Burundi, the Democratic Republic of Congo and Rwanda yesterday signed a Memorandum of Understanding (MoU) that will see Rusizi I and II hydro power projects rehabilitated to operate at full capacity.
If we don't rehabilitate these infrastructures, we will be losing out because no investor would be willing to invest in Rusizi III and IV
The power plants have the capacity to produce 72 megawatts (MW).
If the plan is realised Rusizi II which is in a poor state, will produce 44 megawatts from the current 36 megawatts while Rusizi I would produce 28 MW from current 20MW.
"It is critical for the three countries to accept that we are not good managers and we should get someone to manage the project," said the Minister of Infrastructure, Albert Nsengiyumva.
He noted that the rehabilitation and privatisation of the project will pave way to the establishment of Rusizi III which will generate 147MW with each country getting equal share.
"If we don't rehabilitate these infrastructures, we will be losing out because no investor would be willing to invest in Rusizi III and IV," he said.
Rusizi II power plant is located in Bukavu, in the DRC and supplies electricity to the three regional countries.
The pact signed by the ministers in charge of energy from the three countries provides a cooperation framework towards the rehabilitation of the power plant.
"The MoU will build confidence in our development partners because it shows the commitment from the benefitting countries," said Claude Masozera, Director of Energy in the Economic Community of Great Lakes Countries (CEPGL) that brings together the three countries..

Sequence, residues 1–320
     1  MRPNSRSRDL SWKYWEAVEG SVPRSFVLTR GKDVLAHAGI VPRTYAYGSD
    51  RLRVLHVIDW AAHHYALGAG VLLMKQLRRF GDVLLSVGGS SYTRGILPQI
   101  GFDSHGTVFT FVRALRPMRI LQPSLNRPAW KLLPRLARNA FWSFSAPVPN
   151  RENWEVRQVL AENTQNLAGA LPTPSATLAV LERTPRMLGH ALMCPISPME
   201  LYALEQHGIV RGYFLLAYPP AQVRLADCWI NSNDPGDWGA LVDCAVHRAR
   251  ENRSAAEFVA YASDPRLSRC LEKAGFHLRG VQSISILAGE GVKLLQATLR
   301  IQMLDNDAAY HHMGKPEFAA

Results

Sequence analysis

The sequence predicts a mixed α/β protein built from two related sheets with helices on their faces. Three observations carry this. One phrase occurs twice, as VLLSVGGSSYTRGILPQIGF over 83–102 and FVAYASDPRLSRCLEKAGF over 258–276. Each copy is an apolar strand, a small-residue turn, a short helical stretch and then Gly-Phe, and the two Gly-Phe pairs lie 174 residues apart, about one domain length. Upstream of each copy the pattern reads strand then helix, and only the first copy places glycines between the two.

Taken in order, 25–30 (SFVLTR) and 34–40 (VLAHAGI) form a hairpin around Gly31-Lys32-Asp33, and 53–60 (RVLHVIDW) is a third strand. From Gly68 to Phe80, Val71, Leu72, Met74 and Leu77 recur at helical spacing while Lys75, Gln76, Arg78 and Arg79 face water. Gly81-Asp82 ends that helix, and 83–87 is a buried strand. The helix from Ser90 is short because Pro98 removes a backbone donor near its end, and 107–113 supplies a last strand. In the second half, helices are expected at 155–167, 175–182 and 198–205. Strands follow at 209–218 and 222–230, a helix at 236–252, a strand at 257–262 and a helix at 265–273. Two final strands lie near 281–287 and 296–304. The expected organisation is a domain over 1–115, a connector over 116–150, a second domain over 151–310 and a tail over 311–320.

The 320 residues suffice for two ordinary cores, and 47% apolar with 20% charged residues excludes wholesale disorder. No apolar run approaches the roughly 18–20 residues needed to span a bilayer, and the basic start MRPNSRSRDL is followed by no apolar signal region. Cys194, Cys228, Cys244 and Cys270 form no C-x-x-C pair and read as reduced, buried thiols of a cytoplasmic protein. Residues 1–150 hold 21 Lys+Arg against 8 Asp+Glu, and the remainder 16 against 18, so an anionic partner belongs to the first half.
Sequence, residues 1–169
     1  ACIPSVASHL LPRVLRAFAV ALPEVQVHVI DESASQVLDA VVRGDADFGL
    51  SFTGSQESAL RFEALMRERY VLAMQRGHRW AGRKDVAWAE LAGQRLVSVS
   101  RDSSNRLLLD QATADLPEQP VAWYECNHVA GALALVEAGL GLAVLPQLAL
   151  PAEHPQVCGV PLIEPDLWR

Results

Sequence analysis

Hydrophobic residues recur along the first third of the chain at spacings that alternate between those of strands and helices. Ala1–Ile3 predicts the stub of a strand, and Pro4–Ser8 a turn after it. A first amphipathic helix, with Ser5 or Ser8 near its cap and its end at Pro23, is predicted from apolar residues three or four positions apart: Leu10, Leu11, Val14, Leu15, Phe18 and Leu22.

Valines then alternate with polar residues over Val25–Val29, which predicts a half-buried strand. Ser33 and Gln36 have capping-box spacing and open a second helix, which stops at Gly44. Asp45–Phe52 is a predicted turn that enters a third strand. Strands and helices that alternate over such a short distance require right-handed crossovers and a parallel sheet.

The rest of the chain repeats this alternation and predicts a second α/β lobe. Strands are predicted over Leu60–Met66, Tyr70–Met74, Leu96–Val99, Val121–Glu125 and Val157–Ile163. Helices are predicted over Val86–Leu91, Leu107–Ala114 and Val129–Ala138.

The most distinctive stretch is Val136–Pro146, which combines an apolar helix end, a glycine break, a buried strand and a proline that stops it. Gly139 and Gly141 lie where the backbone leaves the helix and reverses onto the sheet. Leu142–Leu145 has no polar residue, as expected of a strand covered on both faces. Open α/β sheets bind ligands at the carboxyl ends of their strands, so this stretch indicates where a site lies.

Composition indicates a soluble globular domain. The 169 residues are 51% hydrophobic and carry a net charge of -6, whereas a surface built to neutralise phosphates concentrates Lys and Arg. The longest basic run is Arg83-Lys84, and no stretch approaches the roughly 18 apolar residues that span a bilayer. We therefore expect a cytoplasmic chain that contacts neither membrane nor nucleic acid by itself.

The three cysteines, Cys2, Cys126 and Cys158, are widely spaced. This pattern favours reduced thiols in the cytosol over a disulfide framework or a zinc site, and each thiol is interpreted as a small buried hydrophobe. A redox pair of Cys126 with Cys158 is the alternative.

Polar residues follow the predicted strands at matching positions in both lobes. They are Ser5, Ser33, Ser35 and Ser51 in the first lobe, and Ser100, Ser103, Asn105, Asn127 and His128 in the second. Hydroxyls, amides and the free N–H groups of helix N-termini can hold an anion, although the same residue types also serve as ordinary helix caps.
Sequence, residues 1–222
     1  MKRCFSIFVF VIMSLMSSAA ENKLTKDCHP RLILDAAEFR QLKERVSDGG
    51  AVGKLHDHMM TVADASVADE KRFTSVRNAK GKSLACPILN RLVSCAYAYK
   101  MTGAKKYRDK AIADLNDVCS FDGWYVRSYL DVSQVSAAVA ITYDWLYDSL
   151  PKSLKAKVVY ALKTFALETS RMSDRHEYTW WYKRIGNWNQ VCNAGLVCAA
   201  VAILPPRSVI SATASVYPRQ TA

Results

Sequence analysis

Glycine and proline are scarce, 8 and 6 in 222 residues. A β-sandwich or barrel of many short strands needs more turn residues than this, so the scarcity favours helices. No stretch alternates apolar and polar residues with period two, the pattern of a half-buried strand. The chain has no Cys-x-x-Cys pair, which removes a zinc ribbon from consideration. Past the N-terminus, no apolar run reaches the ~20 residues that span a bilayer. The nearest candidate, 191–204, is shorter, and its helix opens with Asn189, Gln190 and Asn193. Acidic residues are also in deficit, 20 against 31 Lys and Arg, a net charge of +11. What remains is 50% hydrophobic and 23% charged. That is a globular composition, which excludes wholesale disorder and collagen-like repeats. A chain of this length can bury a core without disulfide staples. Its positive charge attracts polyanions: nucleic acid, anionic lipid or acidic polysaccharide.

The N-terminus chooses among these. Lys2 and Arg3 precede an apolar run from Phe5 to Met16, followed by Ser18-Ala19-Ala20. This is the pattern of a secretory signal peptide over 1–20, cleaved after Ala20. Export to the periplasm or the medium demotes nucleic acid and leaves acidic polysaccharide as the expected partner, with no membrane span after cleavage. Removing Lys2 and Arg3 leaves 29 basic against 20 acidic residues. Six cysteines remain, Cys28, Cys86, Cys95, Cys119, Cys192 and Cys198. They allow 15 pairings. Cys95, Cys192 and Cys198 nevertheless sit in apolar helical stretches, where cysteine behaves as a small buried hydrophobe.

He emphasized that before they embark on the rehabilitation of the project, there must be institutional reforms aimed at better management of the power station.
"40 percent of the power used in the three countries is generated by the Rusizi hydro power plant and it should be given more attention," he asserted.
According to Emma Francoise Isumbingabo, the State Minister for Water and Energy, the power plant has the potential to transform hydro power in the three countries.
"Rusizi II contributes 14 percent of energy to the national electricity grid. We need to work together to put the plant back to its original form," she said.
She noted that the study to ascertain the amount of money to repair the power project will kick start during the first quarter of next year.
Rusizi III power plant will represent the first public-private sector energy engagement among the three countries, according to officials.
"We are currently discussing possible financing of the project, following completion of detailed technical feasibility studies," said Isumbingabo.
The overall cost of Rusizi III hydropower scheme is estimated to be Euros 500 million and already 350 million has been disbursed by different development partners, including European Investment Bank, African Development Bank and French Development Agency.
The EU-Africa Infrastructure Trust Fund has provided Euros 2.8 million of grant funding for studies examining the economic soundness, environmental and social impact, water management and electricity links and institutional strengthening of Rusizi III.